The Pechanga people have always regarded food resources with the greatest respect. Culture and traditions are born out of practices developed in response to the foods given to the Luiseño Indians by the Creator. This led to highly developed and regulated hunting and gathering techniques designed to benefit the tribe and the resource itself. It is this balance that Pechanga Cultural Resources hopes to someday emulate so that future generations will be able to view these practices in real terms.
- Black Sage
- Chia (paashal)
- Hollyleaf cherry
- Live forever
- Mariposa lily
- Pine nuts
- Cherry pits
- Prickly pear cactus
- Red maids
- White sage
- Wild hyacinth
- Wild onion
- Yucca plant
- Bean Clam
- Big horn sheep
- Ground Squirrel
- Tree sparrow
- Wood rat
Plants as Food
While some plants are eaten fresh, many need to be processed to make them edible. The type of processing and storage depends on the type of food being used. We continue to eat native plant foods today, although we prepare them using both traditional and modern cooking methods.
Some foods are eaten raw, including greens, seeds, berries, fruit, and roots.
Many plants are dried so that they could be stored longer. Fruits and roots are often dried in the sun, sometimes after being sliced or pounded thin.
Seeds and nuts that are stored for long periods are usually parched first. Parching is a process where foods are dried quickly by heating them. Our people still parch seeds and other foods: the traditional method was to toss them repeatedly in a shallow basket with hot pebbles, but modern cooks usually parch seeds in a frying pan. This pulls the moisture out of the food and keeps it from spoiling, sort of like freeze-dried foods today. Oily foods like pine nuts are toasted longer to add flavor and to keep them from going rancid.
Our ancestors ate soup or mush daily. The foods people ate every day varied by season. Most foods were ground in a metate or mortar before being boiled. Acorn flour was usually the base for soups and mushes, but flours made from grass seeds and other nuts were also used. Mush made from acorn flour is called wíiwish. Fruits, vegetables, seeds, meats, and fish were all part of our daily diet.
Because they did not have metal pots, our ancestors used watertight coiled baskets to boil foods. First, a basket is filled with water and the food that is going to be cooked. Next, cooking stones are heated on the fire, and then the person cooking places a hot stone into the filled basket. As the stone cools, the cook replaces it with another from the fire. This technique gets the water so hot it boils. The water keeps the hot stones from lighting the baskets on fire, but sometimes, old cooking baskets have scorch marks on the bottom from the cooking stones. Cooking in baskets is still practiced on occasion although most people prefer to cook on stoves.
Food is also fried using stones griddles. Large, flat stones are heated in the fire and used as a griddle to make small cakes or fry meat. Sometimes these stones were modified to make them easier to use.
Animals as Food
Our ancestors used every part of the animals they hunted. This practice was established at the time of the creation: the Káamalam who agreed to become food for others were promised that no part of their bodies would be wasted. Parts that we could not eat became tools, clothing, and other goods. Most modern atáaxum hunters still follow this practice.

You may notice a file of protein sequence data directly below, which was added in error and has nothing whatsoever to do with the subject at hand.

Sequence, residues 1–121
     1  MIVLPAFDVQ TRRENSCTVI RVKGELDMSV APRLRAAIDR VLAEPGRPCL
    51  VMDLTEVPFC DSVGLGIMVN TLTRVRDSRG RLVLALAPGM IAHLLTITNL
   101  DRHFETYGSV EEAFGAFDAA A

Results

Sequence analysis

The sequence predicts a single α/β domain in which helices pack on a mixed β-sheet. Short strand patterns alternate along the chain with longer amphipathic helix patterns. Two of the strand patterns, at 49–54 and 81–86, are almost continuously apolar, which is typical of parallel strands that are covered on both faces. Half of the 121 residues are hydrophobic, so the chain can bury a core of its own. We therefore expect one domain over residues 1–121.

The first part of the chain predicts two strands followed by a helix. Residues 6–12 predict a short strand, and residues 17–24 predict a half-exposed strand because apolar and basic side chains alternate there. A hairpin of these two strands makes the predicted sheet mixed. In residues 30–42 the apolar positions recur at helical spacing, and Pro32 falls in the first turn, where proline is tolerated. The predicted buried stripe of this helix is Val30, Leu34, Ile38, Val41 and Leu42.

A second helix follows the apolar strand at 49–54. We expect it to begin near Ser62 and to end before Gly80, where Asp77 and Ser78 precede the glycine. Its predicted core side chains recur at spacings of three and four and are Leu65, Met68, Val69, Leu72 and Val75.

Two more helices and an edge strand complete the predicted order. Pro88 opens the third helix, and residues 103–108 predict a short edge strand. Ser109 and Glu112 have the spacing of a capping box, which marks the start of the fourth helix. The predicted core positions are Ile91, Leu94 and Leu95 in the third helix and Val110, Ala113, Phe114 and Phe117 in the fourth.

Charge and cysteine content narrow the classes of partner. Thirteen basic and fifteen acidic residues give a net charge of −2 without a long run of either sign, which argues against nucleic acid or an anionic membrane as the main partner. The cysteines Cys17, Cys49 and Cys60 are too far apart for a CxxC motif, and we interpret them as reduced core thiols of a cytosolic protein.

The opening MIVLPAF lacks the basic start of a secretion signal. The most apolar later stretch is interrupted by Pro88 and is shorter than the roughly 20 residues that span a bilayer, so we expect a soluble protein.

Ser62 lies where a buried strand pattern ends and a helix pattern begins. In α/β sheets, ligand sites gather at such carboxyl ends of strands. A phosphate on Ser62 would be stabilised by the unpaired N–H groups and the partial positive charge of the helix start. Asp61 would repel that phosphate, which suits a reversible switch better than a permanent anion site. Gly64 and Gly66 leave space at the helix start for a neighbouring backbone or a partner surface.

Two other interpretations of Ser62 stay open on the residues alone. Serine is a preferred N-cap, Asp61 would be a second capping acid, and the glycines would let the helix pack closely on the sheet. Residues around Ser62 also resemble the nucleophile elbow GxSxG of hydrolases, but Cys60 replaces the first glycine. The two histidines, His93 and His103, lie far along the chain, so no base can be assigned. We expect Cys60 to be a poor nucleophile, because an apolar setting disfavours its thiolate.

Like plant foods, there are many ways to prepare animal foods, and we still use both traditional and modern methods.
Meat is preserved for later use by being cut into strips, salted, and pounded thin. After being completely dried in the sun for several days, it stays edible for several months.
Meat is usually roasted over an open fire. Depending on the kind of meat, it is cooked on a spit or placed directly on the coals. Our ancestors roasted tiny creatures like insects and insect larvae by tossing them in a basket with hot pebbles or coals from the fire. Meat is also fried on griddles made of flat stones that are heated in the cooking fire. Bone marrow contains many essential nutrients, so we cook them bones and crack them open to extract the marrow.
Fresh and dried meat are used to make stews and soups. Sometimes bones are ground into a paste and mixed with food for flavor and additional nutrition.
Our ancestors stored food in baskets or clay pots. Just like today, foods were stored to keep them clean, edible, and out of the reach of pests. Proper storage was essential to ensure that we had plenty to eat during every part of the year.
Baskets of various sizes can be used to store everything from food to firewood. One specialized basket is the willow granary. This enormous basket is sometimes more than 6’ tall and 4’ in diameter, and it can hold an entire season’s acorn harvest. It is woven from fresh willow branches, which are a natural insect repellant. The finished granary is placed on a raised platform made of wood or stone that helps to keep animals out of the acorns and promotes air circulation to keep the contents dry. A cover of willow branches is often put on top. Acorns stored in a willow granary will stay edible for two to three years.
Pottery jars and bowls may be used to store seeds and water. They were sometimes hung inside kíicha (houses) to keep them dry and clean. Storing water in pottery has the added benefit of keeping the water cool. We never use clay pots for cooking since they can shatter when heated. Dried foods were often tied in bunches and hung from the ceiling, too, especially dried meat and fish. Like the other storage methods, this kept the foods protected from the elements and pests, but allowed us to access them easily.